Celiac disease affects approximately 1 in 100 people in the United States. Celiac is a genetic disease and the only known cure is a gluten free diet for life. While most people with celiac experience a relief from symptoms while on a gluten free diet, studies are showing an increased mortality rate in patients with the disease compared with the general population.
Celiac.com 02/22/2010 - Celiac disease affects approximately 1 in 100 people in the United States. Celiac disease is a genetic disease and the only known cure is a gluten-free diet for life. While most people with celiac disease experience a relief from symptoms while on a gluten free diet, studies are showing an increased mortality rate in patients with the disease compared to the general population.
Out of the 21 papers that have been published over the last 25 years addressing the issue of celiac and mortality rates, the studies show conflicting results, ranging from a 0.52% (decrease) to 3.9% (increase) in mortality rates for patients with celiac compared to the general population. The reasons for the conflicting results are based on the fact that the papers vary vastly from each other, and while some studies are location based or population based, others are cohort based. So for the sake of this particular study, celiac patient's have been categorized into four different groups: symptomatic celiac disease, dermatitis herpetiformis, unrecognized celiac disease and refractory celiac disease. Because these groups of celiac patients differ greatly, it is necessary to analyze their mortality rates individually.
Ten papers in five different countries studied mortality in patients with symptomatic celiac, or celiac symptoms that indicate the presence of celiac disease in a patient. All ten papers on the subject came to the same conclusion, patients with symptomatic celiac disease have been shown to have a increased mortality rate. The primary reason for increased mortality in these particular patients was found to be caused by complications from celiac disease like gastrointestinal malignancies such as, non-Hodgkin lymphoma and small bowel cancer. Other conditions that led to increased mortality for these patients included, autoimmune conditions, ischemic heart disease and violence (including suicide and accidents).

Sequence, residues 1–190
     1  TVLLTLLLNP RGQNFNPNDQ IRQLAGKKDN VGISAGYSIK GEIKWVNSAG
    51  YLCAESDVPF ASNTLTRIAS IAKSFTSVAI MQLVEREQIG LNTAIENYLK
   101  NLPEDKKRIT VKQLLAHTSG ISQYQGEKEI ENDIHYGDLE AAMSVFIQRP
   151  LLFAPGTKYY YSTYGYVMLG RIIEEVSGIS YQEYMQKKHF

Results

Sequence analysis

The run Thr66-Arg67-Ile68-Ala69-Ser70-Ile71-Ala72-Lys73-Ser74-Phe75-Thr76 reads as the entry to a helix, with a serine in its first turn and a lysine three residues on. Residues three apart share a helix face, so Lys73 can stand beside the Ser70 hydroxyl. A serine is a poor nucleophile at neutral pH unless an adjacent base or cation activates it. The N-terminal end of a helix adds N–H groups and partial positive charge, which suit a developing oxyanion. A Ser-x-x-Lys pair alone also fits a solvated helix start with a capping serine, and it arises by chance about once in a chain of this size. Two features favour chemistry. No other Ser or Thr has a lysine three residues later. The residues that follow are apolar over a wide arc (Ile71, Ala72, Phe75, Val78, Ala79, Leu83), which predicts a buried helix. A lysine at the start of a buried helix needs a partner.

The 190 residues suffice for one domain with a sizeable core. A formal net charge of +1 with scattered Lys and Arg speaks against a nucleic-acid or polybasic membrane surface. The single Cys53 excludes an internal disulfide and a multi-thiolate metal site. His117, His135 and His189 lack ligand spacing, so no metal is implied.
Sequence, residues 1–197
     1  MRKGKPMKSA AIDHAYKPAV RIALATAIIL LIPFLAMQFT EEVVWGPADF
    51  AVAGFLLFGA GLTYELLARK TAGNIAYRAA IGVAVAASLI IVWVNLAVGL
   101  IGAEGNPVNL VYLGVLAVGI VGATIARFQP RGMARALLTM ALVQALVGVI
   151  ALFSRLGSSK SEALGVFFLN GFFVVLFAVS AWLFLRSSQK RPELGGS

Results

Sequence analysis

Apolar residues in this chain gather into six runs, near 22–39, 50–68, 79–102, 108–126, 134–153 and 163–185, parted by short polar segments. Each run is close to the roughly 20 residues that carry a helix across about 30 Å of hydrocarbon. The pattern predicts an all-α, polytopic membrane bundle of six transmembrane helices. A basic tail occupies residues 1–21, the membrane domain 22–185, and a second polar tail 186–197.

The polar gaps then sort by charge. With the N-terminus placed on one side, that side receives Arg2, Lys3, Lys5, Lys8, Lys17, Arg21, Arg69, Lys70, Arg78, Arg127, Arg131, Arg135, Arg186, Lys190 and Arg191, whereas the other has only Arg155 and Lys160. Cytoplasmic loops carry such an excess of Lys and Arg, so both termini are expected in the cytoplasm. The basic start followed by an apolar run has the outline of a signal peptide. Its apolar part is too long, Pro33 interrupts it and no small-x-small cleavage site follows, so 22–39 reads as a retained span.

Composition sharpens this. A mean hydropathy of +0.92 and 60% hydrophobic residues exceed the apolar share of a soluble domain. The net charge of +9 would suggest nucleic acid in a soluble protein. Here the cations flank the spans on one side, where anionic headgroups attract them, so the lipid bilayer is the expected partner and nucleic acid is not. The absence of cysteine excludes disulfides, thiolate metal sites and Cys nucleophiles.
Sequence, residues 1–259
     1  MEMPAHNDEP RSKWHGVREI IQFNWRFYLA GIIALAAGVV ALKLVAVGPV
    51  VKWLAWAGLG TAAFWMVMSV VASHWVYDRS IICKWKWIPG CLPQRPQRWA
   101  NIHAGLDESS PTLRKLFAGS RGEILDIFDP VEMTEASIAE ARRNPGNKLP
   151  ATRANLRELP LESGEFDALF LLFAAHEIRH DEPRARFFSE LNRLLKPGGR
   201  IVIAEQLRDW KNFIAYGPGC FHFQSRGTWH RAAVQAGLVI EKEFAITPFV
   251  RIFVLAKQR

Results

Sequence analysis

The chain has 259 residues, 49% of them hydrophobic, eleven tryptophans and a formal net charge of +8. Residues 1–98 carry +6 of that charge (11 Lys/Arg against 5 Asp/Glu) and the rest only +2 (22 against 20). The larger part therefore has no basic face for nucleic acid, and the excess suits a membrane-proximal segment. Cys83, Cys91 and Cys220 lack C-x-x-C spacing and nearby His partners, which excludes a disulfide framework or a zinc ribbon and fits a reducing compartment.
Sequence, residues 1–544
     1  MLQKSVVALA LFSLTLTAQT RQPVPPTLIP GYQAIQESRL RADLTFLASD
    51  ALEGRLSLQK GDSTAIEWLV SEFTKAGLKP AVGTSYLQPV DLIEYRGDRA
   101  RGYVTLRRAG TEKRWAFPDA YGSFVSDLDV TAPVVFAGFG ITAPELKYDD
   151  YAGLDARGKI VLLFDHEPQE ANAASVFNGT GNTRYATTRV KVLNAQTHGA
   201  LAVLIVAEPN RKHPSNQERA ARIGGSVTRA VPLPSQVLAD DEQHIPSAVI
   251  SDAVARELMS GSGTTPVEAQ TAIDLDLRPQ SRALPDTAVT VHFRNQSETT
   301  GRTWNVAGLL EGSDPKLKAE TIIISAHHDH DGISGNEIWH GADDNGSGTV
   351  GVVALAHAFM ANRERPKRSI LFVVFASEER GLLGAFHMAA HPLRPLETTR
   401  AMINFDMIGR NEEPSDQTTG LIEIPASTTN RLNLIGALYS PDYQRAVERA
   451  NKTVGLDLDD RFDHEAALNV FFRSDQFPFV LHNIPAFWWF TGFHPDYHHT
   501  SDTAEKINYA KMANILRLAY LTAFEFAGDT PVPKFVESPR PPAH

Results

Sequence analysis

Dermatitis herpetiformis is a gluten agitating blistering of the skin which has frequently been associated with celiac disease. Four studies have been conducted on the mortality rates of celiac patients with dermatitis herpetiformis and found that mortality rates did not increase for them compared to the general public.
Four studies were also conducted to determine the mortality rates of people with unrecognized, and therefore untreated celiac disease. Two of the studies showed no increase in mortality, while the other two (including the United States study) showed a considerable increase in mortality of people with unrecognized celiac disease. The reason for the conflicting evidence can be merited to the difficulty in obtaining non-biased, random subjects for the study.
Refractory celiac disease is known as an inexorable form of celiac disease. Symptoms associated with refractory celiac do not improve with a gluten-free diet. Refractory celiac disease is classified into two types: type I and type II. Type II refractory celiac patients are inclined to develop enteropathy associated T-cell lymphoma and have a lower survival rate than type I patients. While the 5 year survival rate for type I patients is between 80%-96%, those with type II refractory celiac only had a 44%-58% chance of survival which dropped to 8% in those patients that developed enteropathy-associated T-cell lymphoma.
Other studies of mortality rates in celiac patients have indicated that there is a actual amount of gluten that one can exceed which will eventually lead to complications with celiac disease. Thus, if a person continually consumes more gluten than can be processed by their body, usually as a result of malabsorption associated with celiac disease, it is more likely to activate refractory celiac disease and lymphoma in some individuals.
Overall these studies have aided in proving that compared to the general population, the risk of mortality rates are increased for celiac patients. While mortality rates decreased over time starting from the point of celiac diagnosis, mortality rates tended to increase significantly in patients who did not adhere to a strict gluten free diet. Standard mortality rates doubled for patients who were unlikely to stick to a gluten free diet, and for patients that definitely did not follow a strict gluten free diet, the mortality rate was six times higher. Therefore, if you have celiac disease, early diagnosis and strict adherence to a gluten free diet can be a life-saver, and is very likely to extend and improve your quality of life.